WWI and Renaissance

Overview

The Renaissance was a cultural movement that profoundly affected European intellectual life in the early modern period. Beginning in Italy, and spreading to the rest of Europe by the 16th century, its influence was felt in literature philosophy, art, politics, science, religion, and other aspects of intellectual enquiry. Renaissance scholars employed the humanist method in study, and searched for realism and human emotion in art.

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Renaissance thinkers sought out learning from ancient texts, typically written in latin or ancient greek. Scholars scoured Europe’s monastic libraries, searching for works of antiquity which had fallen into obscurity. In such texts they found a desire to improve and perfect their worldly knowledge; an entirely different sentiment to the transcendental spirituality stressed by medieval Christianity. They did not reject Christianity; quite the contrary, many of the Renaissance’s greatest works were devoted to it, and the Church patronized many works of Renaissance art. However, a subtle shift took place in the way that intellectuals approached religion that was reflected in many other areas of cultural life.

Introduction

According to the title every word in this contests written in an strictest sense of the word. Now one is more coinsures than writer to explain the means of topic, he look with a great confidence for his researches, he will be more assured of the approval of judges.

Different eyes of people represents different picture of initiliasition. This is a wide ocean of ventures and possible way and has many directions. It is the most serious difficulty of the history of civiliasition that a great intellectual process must be broken up into single and some other category.In this context our intension is to fill the gaps in this book by a special work on the “Art of the renaissance”.the struggle between popes and hohenstaufen left Italy in such a political situation which are entirely different from the policies of west countries. The condition was come in such condition that even the emperor of fourteen centuries does not receive that much of respect as they get earlier like feudal lords. But at this time the support of leader’s ad they retain a power.

In this condition a new political life is born. This new life displays his hundreds of forms. In far earlier times we can here and there detect a development of free personality which in Northern Europe either did not occur at all. The band of audacious wrongdoers in the tenth century described to us by Liudprand , some of the contemporaries of Gregory VII (for example, Benzo of Alba), and a few of the opponents of the first Hohenstaufen, show us characters of this kind. In the latter, circumstances were also, but in another way, favorable to the growth of individual character. The more frequently the governing party was changed, the more the individual was led to make the utmost of the exercise and enjoyment of power. The statesmen and popular leaders, especially in Florentine history, acquired so marked a personal character that we can scarcely find, even exceptionally, a parallel to them in contemporary history, hardly even in Jacob van Arteveldt. The fifteenth century is, above all, that of the many-sided men. There is no biography which does not, besides the chief work of its hero, speak of other pursuits all passing beyond the limits of dilettantism.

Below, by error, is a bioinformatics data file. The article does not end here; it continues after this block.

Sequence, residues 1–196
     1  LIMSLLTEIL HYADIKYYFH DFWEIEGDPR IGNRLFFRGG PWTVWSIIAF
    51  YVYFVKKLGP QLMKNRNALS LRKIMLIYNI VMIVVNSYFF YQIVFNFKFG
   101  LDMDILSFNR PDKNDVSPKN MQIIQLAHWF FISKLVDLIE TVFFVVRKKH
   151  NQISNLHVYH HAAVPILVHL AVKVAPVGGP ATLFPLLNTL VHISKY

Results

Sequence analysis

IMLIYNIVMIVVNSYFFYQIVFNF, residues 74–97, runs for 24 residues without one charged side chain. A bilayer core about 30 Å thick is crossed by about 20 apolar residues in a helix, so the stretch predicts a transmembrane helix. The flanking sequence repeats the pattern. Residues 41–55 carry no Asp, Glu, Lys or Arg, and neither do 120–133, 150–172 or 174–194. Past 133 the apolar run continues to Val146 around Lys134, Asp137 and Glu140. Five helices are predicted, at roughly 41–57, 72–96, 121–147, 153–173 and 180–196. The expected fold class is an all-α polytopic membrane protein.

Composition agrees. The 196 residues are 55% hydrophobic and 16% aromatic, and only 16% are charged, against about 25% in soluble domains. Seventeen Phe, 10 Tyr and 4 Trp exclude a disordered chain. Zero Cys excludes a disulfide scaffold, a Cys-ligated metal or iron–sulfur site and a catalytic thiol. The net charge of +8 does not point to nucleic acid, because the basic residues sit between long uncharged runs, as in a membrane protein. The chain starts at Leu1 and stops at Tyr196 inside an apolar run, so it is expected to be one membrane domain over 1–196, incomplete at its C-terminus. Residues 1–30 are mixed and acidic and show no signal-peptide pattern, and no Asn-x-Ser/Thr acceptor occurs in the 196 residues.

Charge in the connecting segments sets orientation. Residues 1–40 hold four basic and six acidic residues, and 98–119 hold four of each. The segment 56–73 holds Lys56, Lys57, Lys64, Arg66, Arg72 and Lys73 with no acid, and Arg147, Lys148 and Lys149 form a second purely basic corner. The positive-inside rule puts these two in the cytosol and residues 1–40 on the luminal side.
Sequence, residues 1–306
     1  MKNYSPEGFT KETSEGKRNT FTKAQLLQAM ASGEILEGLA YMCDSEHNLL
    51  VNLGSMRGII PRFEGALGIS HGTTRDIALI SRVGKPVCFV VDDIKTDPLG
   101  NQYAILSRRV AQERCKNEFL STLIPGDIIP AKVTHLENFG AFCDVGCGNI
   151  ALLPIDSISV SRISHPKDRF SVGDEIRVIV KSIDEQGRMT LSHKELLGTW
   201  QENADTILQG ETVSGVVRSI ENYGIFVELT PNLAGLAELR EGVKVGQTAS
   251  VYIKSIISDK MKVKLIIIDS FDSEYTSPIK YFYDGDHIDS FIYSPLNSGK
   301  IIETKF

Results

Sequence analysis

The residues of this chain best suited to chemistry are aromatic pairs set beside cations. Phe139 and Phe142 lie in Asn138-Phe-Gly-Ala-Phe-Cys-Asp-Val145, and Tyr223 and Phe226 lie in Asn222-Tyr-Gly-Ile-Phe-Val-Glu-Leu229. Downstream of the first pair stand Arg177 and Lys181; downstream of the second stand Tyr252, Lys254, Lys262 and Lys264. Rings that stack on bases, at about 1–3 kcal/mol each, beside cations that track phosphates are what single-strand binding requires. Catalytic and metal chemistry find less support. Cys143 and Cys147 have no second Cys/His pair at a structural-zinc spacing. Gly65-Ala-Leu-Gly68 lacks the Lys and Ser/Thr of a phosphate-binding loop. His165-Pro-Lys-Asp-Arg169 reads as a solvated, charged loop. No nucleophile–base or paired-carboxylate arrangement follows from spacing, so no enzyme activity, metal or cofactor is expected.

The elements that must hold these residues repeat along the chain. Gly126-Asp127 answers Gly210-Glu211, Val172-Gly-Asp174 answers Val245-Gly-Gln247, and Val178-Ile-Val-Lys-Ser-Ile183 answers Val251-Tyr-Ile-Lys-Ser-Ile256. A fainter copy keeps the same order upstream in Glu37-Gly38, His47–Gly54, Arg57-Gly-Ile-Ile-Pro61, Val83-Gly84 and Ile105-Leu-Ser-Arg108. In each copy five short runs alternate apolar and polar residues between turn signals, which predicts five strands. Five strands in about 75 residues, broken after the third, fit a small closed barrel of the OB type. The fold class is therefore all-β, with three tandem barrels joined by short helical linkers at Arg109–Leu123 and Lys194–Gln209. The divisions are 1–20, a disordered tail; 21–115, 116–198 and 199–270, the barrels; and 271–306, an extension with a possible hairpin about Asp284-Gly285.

WWI Crisis

The Crisis approached World War I with a similar attitude of optimism. However, the conclusion of coverage of World War I did not contain the same disillusionment exhibited by the Defender. Immediately after the riots, the Defender began to link the cause of the riots to the war, offering the explanation that troops returning from racially tolerant Europe were now frustrated by the racial discrimination they faced at home.

How could a war which began with two of the leading African-American periodicals enthusiastically advocating participation end with those same periodicals documenting the violence and unrest that ensued as a result. World War I was a paradox not only for African-Americans, but for the rest of the world as well. It is now regarded as the most futile and ambiguous war of the modern era,5 and the United States’ delayed entry into the war was a result of this ambiguity. The war had already been raging in Europe for over two years when the United States joined the conflict in 1917. After the U.S. entered the war on the side of the Allies, mobilization further slowed the entrance of U.S. soldiers into the fight. While Wilson had run his reelection campaign using the slogan “He kept us out of war,” he became increasingly sympathetic to the Allied cause.7 Wilson, like many Americans, identified with Great Britain and the democracies of the Western Allies, as opposed to the authoritarian governments of the Central Powers.8 Public support for U.S. involvement in the war increased after the sinking of the British ocean liner, the RMS Lusitiania. Anti-German sentiment was again strengthened by the release of the intercepted “Zimmerman Telegram,” in which the German Foreign Secretary Arthur Zimmerman promised Mexico financial aid to reclaim “the lost territory of New Mexico, Texas and Arizona” if the United States entered the war.9 In addition to this telegram, German U-boats were continually attacking American merchant ships.10 American neutrality finally came to an end on April 2, 1917, when Wilson appealed to Congress to make a declaration of war against Germany, claiming “the world must be made safe for democracy.”11 Soon after Wilson’s address, the Senate and the House overwhelmingly voted in support of going to war.